Donald Trump does not believe in the official unemployment rate. The president has called the stat a “fiction,” and his staff has apparently gotten the memo. Asked by a reporter on Monday to simply state the current jobless figure, which is released every month by the Bureau of Labor Statistics and reported widely, Press Secretary Sean Spicer spent about three minutes evading the question. The figure is 4.7 percent, for the record. This is what passes for a sensitive subject in 2017.
Trump’s skepticism toward the unemployment rate is clearly rooted in political self-interest—if he treated the number as legitimate, he would have to acknowledge that the economy improved significantly under President Obama. By undermining public trust in government data, he also makes it harder for anybody to hold his administration accountable for the economy’s performance.
But even if it’s for all the wrong reasons, our president is also, in his own awful, howling bloodhoundlike way, sort of onto something. In recent years, the headline unemployment rate has become a less useful yardstick for measuring the overall health of the labor market. Like all economic indicators, it has shortcomings, and those weaknesses have grown more problematic since the Great Recession. If an administration wanted to benchmark its economic performance by focusing on a single headline statistic, this might be a good time to pick a new one.
The BLS even produces a data point that Trump himself might like: The employment-to-population ratio for adults between the ages of 25 and 54—or “prime-age EPOP.” It’s great. Really terrific. Some even say it’s the best labor market indicator out there. Believe me.
Here is something Trump gets right: These days, the traditional unemployment rate makes the economy look misleadingly rosy, and the problem is baked into how the statistic is calculated. Every month, BLS divides the number of jobless Americans who are looking for work by the total labor force. If you aren’t actively seeking work, you aren’t counted among the unemployed. There’s perfectly sound logic to this approach, since it keeps retirees, stay-at-home moms, full-time students, and other Americans who aren’t really interested in working from inflating the unemployment rate. But it also has a perverse side effect: When out-of-work Americans lose hope and quit sending in job applications, it pushes the unemployment rate down.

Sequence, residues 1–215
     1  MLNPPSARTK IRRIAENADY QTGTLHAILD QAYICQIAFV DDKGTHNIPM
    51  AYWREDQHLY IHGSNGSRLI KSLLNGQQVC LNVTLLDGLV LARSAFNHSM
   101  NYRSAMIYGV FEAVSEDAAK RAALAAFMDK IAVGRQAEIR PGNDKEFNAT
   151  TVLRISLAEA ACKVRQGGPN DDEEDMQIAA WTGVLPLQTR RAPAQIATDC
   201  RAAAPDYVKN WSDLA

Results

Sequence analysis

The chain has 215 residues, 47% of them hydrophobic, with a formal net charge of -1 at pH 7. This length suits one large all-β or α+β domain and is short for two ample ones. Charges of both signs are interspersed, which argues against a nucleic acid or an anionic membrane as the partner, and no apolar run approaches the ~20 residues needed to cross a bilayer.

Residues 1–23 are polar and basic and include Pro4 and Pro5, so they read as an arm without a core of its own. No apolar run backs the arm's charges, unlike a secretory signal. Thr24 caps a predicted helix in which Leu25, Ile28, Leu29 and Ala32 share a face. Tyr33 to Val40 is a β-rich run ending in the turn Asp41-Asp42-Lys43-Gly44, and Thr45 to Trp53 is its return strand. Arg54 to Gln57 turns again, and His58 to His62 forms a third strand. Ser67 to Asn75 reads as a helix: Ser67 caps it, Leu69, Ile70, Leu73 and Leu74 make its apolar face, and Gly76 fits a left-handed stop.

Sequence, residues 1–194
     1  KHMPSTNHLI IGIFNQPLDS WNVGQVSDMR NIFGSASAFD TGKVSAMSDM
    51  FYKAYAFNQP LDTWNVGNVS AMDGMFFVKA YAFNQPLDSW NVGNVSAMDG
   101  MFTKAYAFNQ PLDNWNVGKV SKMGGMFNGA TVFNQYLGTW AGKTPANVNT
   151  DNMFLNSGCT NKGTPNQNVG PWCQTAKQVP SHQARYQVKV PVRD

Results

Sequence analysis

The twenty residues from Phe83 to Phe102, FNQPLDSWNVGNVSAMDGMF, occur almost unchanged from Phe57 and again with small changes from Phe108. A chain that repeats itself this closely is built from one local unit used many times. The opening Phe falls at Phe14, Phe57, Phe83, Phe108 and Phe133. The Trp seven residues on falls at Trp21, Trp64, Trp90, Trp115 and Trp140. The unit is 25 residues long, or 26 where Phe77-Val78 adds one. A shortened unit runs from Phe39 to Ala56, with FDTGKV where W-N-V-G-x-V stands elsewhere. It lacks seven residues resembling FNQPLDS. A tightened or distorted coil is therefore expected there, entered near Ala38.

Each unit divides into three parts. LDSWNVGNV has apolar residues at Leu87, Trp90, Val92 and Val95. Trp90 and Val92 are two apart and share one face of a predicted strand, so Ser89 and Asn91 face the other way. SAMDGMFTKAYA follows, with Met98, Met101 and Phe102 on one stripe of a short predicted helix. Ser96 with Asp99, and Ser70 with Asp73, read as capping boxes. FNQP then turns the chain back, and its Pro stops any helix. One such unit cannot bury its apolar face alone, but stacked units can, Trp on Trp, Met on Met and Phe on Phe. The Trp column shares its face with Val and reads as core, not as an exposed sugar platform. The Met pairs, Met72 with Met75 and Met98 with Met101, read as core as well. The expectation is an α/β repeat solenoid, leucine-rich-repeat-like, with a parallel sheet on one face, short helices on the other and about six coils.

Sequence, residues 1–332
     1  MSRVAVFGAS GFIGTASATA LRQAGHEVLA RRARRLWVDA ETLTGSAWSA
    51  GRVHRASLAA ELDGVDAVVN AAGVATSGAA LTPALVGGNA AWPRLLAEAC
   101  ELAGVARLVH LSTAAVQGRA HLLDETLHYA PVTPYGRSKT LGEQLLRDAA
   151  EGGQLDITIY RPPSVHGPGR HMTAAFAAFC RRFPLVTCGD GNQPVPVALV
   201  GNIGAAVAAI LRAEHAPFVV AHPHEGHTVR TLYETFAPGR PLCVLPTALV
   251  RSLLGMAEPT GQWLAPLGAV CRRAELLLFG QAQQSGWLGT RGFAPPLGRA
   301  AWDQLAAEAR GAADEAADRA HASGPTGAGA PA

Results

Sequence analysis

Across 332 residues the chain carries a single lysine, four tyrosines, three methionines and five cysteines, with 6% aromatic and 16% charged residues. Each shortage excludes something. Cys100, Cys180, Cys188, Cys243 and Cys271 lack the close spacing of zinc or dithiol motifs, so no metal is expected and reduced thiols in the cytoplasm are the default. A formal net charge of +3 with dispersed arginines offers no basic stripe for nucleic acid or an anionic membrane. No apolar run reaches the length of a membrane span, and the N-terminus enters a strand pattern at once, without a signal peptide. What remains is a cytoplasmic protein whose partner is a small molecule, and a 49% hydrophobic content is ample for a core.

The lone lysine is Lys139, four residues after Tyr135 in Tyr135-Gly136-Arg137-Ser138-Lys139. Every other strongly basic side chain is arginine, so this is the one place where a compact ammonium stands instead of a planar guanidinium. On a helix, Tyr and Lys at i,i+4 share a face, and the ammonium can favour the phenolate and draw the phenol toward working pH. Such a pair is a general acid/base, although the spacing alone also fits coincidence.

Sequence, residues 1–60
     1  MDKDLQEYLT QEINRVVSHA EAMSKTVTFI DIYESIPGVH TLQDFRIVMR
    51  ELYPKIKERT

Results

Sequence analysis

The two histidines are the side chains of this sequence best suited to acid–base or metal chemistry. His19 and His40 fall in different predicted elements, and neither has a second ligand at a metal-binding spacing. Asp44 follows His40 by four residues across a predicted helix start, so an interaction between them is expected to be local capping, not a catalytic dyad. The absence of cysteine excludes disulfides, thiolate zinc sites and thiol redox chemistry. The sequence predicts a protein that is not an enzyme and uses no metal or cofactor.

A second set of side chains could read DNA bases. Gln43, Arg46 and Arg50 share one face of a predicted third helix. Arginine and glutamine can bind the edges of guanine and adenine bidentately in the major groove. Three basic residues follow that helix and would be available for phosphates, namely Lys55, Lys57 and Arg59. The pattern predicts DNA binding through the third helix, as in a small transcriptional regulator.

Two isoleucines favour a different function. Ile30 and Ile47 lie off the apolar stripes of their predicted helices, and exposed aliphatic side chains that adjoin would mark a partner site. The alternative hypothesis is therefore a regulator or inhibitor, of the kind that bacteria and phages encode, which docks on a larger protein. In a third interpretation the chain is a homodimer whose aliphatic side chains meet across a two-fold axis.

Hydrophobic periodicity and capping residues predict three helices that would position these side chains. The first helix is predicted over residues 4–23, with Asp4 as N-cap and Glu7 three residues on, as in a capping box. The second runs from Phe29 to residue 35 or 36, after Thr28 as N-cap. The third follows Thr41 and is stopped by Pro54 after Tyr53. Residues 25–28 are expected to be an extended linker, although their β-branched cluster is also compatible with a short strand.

Trump sort of gets this. “If you look for a job for six months and then you give up … they consider you statistically employed,” he told a crowd in December. That’s not quite right, but it at least gestures toward the basic problem that the government stops counting discouraged labor-force dropouts as unemployed.
And that flaw in the unemployment rate has become more critical since the recession. Today, labor force participation—the percentage of Americans working or looking for work—is stuck near lows last seen in the 1970s. That’s partly because aging baby boomers have started retiring. But participation is down among younger Americans as well. We may have a 4.7 percent unemployment rate, but 4.7 percent doesn’t mean what it used to.
The government does cook up other, more expansive measures of “labor-market underutilization” that address this problem. The broadest, known as U-6, stands at 9.2 percent, and includes part-time workers who’d like a full-time job, as well as people who say they want work but have given up looking for it. That stat gives us a more detailed picture of the labor market’s woes, but it might still obscure some important issues. For instance, working-age American men are much less likely to be in the labor force now than they were 10, 20, or 30 years ago. Nobody has been able to pinpoint a single reason behind the decline; the disappearance of blue-collar factory jobs, mass incarceration, chronic pain, the growing use of Social Security Disability Insurance, and even video games have been identified as some of the possible culprits (don’t get me started on that last one). But the fact is that there’s a long-term trend away from work among U.S. males, and many of them don’t even claim to want a job. A measure like U-6 won’t reflect that group. You need something wider.